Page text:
sense.” Guinn, 600 S.W.3d at 880.
As an initial matter, we observe that two of Chambers’ three points relied on are
§ 287.495.1(4) RSMo challenges to sufficiency of the evidence supporting findings on
which he bore the burdens of production and persuasion. Even if we assume, without
deciding, that he satisfied the burden of production, he did not ultimately persuade the
Commission he was totally and permanently disabled. As in Guinn, Appellant’s
287.495.1(4) challenges asserting that the denial of his claim is erroneous because it is
not supported by competent and substantial evidence on the whole record “make no
logical sense” and, for this reason alone, should be denied without any further discussion.
Even if his points were cognizable on appeal, none of the three is meritorious. He
first faults the Commission for considering his employment by the campground and river
outfitter to be gainful or reasonable employment, citing Molder v. Missouri State
Treasurer, 342 S.W.3d 406, 407 (Mo.App. 2011). In Molder, our Western District
applied a legal principle that Chambers would have us ignore: affirmance of and
deference to the Commission’s findings on permanent total disability even though the
evidence may have supported a different result. In this case, the Commission expressly
considered and rejected the application of Molder because Chambers’ work for the
campground and river outfitter was regular rather than irregular, full-time rather than
part-time or sporadic, and involved a variety of physical and supervisory duties the
employer expected to be performed as opposed to highly-accommodated light duties
secured through an employer’s benevolence.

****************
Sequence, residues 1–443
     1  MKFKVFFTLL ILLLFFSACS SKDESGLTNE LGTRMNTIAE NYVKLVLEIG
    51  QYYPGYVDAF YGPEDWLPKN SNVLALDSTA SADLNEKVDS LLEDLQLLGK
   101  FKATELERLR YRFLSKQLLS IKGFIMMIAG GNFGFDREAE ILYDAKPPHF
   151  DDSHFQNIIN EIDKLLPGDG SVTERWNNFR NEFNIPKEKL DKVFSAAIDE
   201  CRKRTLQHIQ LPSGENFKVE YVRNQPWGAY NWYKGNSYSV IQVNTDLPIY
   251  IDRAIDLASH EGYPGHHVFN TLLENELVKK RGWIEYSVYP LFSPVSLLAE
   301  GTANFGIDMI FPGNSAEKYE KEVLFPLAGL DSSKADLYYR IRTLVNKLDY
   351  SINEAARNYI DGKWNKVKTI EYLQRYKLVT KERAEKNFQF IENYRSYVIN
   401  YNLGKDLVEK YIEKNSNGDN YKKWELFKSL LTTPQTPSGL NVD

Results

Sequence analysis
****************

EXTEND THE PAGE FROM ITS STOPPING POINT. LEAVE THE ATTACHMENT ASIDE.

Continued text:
Chambers next contends the Fund’s vocational expert, whom the Commission
found to be more credible than Chambers’ vocational expert, based his opinion on work
restrictions that did not consider all of Chambers’ prior injuries. “[T]he question of
whether a claimant is totally and permanently disabled is not exclusively a medical
question and the Commission need not rely exclusively on the testimony of medical
experts; rather, it may consider all the evidence and the reasonable inferences drawn from
that evidence.” Pace, 500 S.W.3d at 322 (internal punctuation omitted). In this case the
parties presented conflicting medical and vocational evidence. The Commission can, and
did, consider the expert medical opinions along with other relevant evidence to arrive at
its conclusion as to the extent of Chambers’ disability.
Chambers also argues he is not able to compete on the open labor market in that
the Commission found he must lie down periodically throughout the work day, yet “the
only credible vocational evidence on the record was that if Chambers must lie down
during the workday, then Chambers would not be able to compete on the open labor
market.” These findings are not necessarily contradictory or mutually exclusive. The
Commission could and did find Chambers has to lie down periodically, but it also found,
based on credible evidence, that Chambers exceeded the work restrictions imposed by his
medical expert, that he exaggerated the degree of physical complaints from his last injury,
that he had been employed full-time at times after the 2015 accident, and that he had
represented he was ready, willing, and able to work when applying for unemployment
benefits during off-season unemployment. All of these factors were considered and
weighed in the Commission’s ultimate conclusion that Chambers was employable.
It was Chambers’ burden to prove he was permanently and totally disabled due to
inability to compete in the open labor market. He did not satisfy this burden. There was
abundant evidence Chambers was able to compete in the open labor market, e.g., the
campground and river outfitter rehired Chambers to work full-time in each of the four
years after the 2015 accident and Chambers expected he would be rehired to that same
position again in 2020.
Outcome: We deny his points relied on and affirm the Commission’s award
of no compensation.